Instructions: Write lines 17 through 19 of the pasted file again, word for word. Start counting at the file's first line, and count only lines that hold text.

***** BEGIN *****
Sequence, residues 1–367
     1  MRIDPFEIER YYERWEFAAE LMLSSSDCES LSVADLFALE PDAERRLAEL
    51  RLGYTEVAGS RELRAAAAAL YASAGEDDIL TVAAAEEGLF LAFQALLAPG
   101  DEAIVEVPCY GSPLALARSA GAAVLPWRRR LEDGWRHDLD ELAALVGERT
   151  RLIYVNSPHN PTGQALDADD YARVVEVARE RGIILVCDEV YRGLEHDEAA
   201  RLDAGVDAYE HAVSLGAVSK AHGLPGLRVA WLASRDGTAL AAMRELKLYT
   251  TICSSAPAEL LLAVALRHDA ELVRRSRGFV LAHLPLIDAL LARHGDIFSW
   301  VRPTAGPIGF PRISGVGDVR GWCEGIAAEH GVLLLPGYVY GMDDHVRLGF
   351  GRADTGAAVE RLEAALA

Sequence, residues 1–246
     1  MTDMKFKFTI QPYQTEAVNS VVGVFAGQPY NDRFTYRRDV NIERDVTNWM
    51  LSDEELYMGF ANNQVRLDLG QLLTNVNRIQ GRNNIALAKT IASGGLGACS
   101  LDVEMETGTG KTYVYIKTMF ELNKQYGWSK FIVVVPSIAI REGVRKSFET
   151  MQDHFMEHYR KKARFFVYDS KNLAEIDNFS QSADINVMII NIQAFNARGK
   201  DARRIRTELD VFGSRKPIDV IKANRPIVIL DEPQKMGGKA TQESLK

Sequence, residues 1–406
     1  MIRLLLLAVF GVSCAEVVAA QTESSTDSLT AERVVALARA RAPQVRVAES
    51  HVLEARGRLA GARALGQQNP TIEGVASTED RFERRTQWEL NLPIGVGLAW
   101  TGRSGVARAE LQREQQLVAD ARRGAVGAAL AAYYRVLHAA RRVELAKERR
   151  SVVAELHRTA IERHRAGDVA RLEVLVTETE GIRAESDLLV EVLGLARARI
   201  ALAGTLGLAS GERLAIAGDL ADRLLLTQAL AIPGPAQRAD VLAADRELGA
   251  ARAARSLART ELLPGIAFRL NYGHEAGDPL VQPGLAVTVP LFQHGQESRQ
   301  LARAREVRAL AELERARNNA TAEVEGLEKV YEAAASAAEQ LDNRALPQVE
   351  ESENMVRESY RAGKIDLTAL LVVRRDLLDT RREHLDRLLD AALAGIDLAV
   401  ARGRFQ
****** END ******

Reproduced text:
     1  MIRLLLLAVF GVSCAEVVAA QTESSTDSLT AERVVALARA RAPQVRVAES
    51  HVLEARGRLA GARALGQQNP TIEGVASTED RFERRTQWEL NLPIGVGLAW
   101  TGRSGVARAE LQREQQLVAD ARRGAVGAAL AAYYRVLHAA RRVELAKERR